However, although it can be said that Nadj holds an almost cavalier outlook towards the act of job hopping, the same can’t be said for employers.
In fact, it has been reported before that a Linkedin study has shown that 94% of employers are worried about employee retention.
And, some employers have also said that they are averse towards hiring people with a history of changing jobs, as they don’t want to be the latest victim on the list.
Job hoppers should focus on showcasing their diverse skills
However, Nadj said that employers who’ve had to deal with job hoppers should wear it like a badge of pride.
“I feel HR teams should almost be flattered. After all, if other companies keep poaching their picks, they must be recruiting some gems! Basically, I see it as a testament to the HR department’s great hiring. It prompts introspection on the changing workforce dynamics,” said Nadj.
Although Nadj might feel that way, there is still a stigma attached to job hoppers from employers. When asked about how does she deal with the stigma that comes with her extensive job history, Nadj’s answer is simple;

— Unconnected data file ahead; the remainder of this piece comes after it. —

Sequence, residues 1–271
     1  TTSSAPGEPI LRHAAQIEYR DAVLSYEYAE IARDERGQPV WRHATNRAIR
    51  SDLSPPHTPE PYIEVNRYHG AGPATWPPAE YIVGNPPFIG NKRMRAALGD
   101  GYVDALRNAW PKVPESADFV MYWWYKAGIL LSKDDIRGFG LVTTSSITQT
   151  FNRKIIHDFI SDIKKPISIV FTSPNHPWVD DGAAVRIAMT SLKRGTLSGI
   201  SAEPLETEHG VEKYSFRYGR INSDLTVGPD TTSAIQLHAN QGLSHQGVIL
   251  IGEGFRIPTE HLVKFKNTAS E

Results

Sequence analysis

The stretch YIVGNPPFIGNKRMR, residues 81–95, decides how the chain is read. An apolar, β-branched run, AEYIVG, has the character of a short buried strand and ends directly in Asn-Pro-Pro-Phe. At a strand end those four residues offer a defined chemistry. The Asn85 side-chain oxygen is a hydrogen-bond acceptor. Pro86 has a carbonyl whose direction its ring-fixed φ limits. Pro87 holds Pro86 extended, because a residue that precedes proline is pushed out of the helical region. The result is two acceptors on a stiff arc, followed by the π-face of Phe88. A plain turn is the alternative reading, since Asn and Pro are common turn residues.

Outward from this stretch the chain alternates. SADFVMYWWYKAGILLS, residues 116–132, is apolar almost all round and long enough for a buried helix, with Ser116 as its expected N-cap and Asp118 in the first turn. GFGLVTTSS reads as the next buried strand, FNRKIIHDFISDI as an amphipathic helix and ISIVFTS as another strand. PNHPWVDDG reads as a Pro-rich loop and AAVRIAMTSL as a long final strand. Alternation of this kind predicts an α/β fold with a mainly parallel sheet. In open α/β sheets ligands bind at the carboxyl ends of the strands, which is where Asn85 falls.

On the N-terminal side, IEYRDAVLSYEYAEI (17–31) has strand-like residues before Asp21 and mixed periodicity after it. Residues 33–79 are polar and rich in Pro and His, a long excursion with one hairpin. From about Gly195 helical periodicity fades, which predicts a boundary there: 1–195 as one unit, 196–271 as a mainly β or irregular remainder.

“I focus on showcasing the diverse skills I’ve gathered. Adaptability is key in today’s world,” Nadj surmised.
And finally, when asked about the prevalence of job hopping and whether the blame lies on the employers or the employees, Nadj had this to say.
“Job hopping often stems from a mix of seeking better opportunities and evolving workplace dynamics. It’s like blaming the chicken or the egg – everyone’s still figuring it out! It’s a mix of changing workforce aspirations and evolving company cultures. Both sides are still adapting to the new norms,” concluded Nadj.
How HR managers can spot job hoppers
After talking to Nadj, we spoke to Shahira, an HR manager from a major investment company to hear what she thinks of job hoppers.
“The easiest way to identify a job hopper is by checking their resume. If their resume lists multiple short career histories then we won’t shortlist them,” she explained.
But Shahira also shared that there are some considerations that should be taken into account as well when determining if someone can be considered a job hopper or not.
“There are other factors that we need to consider as well, such as their employment history and terms. For example, although a candidate might have five different jobs in five years, it might just mean that they have been working on a contract basis, so it will be unfair to label them as a job hopper,” said Shahira.